New Zealand learning environments: The role of design and the design process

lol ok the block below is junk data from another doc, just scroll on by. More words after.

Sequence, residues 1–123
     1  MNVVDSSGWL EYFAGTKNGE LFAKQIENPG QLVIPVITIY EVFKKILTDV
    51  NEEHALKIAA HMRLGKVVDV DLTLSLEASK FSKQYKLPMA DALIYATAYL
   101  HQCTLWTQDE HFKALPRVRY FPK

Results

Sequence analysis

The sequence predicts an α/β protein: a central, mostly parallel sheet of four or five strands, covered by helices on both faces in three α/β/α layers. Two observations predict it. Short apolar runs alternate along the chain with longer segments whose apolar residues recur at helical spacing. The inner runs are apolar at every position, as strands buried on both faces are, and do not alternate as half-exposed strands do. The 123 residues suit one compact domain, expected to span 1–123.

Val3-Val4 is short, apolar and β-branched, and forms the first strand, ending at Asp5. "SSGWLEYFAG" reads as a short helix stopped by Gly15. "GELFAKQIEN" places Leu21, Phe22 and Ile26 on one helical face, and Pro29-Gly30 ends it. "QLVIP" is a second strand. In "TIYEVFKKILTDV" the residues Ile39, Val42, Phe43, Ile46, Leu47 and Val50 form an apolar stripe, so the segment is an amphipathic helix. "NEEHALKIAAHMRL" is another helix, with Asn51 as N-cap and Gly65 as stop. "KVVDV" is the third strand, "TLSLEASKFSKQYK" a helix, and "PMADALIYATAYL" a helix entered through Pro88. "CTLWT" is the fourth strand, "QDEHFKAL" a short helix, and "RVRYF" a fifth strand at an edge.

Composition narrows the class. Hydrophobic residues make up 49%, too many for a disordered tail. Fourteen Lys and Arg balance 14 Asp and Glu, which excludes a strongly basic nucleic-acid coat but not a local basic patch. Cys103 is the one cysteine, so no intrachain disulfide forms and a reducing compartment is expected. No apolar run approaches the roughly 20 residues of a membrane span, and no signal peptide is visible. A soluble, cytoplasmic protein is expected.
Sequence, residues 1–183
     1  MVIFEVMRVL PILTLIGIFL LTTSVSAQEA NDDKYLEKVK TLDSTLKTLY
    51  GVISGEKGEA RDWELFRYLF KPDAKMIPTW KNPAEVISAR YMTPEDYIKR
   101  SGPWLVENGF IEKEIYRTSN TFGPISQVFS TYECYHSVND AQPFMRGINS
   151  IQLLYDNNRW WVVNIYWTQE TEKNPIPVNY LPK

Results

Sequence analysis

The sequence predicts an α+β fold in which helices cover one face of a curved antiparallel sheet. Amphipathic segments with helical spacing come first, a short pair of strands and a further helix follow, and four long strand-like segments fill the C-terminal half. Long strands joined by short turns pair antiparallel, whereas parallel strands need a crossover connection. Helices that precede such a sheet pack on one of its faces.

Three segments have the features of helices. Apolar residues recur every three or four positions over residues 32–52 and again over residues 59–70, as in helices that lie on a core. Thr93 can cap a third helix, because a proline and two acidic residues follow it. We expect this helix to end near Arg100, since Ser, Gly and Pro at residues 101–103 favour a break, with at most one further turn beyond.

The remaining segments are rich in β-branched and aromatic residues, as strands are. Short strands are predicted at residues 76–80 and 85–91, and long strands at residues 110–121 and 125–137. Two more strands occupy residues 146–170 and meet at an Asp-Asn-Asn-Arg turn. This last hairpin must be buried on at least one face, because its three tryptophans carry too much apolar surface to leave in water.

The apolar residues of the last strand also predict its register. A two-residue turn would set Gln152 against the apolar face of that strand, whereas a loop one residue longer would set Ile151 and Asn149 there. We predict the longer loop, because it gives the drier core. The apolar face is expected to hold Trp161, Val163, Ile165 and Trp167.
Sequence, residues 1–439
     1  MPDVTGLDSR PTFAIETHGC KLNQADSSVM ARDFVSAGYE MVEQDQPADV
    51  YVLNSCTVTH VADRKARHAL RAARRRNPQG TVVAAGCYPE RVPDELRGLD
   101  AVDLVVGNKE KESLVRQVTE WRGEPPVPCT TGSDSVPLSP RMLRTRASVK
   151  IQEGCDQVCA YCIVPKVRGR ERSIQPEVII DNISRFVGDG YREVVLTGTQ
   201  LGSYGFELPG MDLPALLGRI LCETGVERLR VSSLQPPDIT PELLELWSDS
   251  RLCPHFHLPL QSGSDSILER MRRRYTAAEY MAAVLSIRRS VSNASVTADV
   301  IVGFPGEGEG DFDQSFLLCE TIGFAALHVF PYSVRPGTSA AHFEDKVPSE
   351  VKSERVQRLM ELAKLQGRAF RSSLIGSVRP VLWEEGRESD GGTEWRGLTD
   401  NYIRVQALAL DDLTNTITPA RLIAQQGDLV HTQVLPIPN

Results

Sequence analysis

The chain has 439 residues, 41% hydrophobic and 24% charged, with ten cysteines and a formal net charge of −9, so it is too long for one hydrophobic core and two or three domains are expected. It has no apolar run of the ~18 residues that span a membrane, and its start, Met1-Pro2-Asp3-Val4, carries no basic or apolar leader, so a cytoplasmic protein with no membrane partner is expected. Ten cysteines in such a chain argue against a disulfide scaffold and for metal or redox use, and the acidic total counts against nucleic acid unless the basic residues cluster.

Learning environments are important spaces because these are where primary school children spend many hours. These environments can vary from single cell classrooms to modern open plan learning studios. As the design of these learning environments can affect the learning outcomes of students, their design and the design process behind them are important fields of investigation. Involving the users of learning environments in the design process is an important factor to be considered. Studies overseas stress the importance of involving teachers and students in the design process of learning environments. However, studies about learning environments in New Zealand show less consideration for the internal layout of classrooms and the involvement of users in their design process. Thus, this thesis studies and compares the design process behind learning environments in New Zealand with those overseas and the effect of this involvement on the design of primary school internal learning spaces, specifically classrooms. The aim of this thesis is create an understanding of the design process behind primary school classroom learning environments in New Zealand. To achieve the aim, this thesis undertakes five phases of study. The first phase is surveying primary school teachers and architects who design educational spaces, about the design and design process of learning environments in New Zealand. The survey results show that both teachers and architects support participatory design in schools and wish for more student user involvement. The second phase is a trial using social media to encourage more teacher and student participation in designing learning environments. Wordpress and Facebook groups were used for this experiment and teachers and students of primary schools in New Zealand were invited to participate. The trial result appears to indicate that social media does not work in encouraging students and teachers in thinking about the design of learning environments in general without having a specific project as a focus. The third phase is a workshop gathering five teachers and one architect to discuss the detail of the design process behind learning environments in New Zealand. The workshop result suggests that again participants support participatory design but suggest the need for guidance on how to do this, possibly from the Ministry of Education. The fourth phase is a case study of the early stages of a re‐build project for Thorndon Primary School in Wellington city. The case study included interviews, focus groups, observations, and collecting documentation. The main conclusion from the case study is that all parties to the project were in support of participatory design but would have benefitted from guidance as the whole design process and user involvement in it is unclear. The last phase is also case studies but here the focus is on the design process for rearranging the internal layout of two classrooms in two primary schools in Wellington city. The case studies covered observing the involvement of students in the design process, some classroom and brainstorming sessions, and interviews with teachers. The main result of this phase is the observation that students enjoy working on the design of their own environments and that they are able and ready to work as part of such a design process. The key conclusions of this thesis are that all parties involved in this research supported user participation in the design process, but in all the cases investigated there is almost no proper participatory design; students enjoy designing their learning environments and that enjoyment makes them belong and connect to these more; and proper preliminary guidelines for participatory design in learning environments could improve and encourage user involvement in designing learning environments in New Zealand.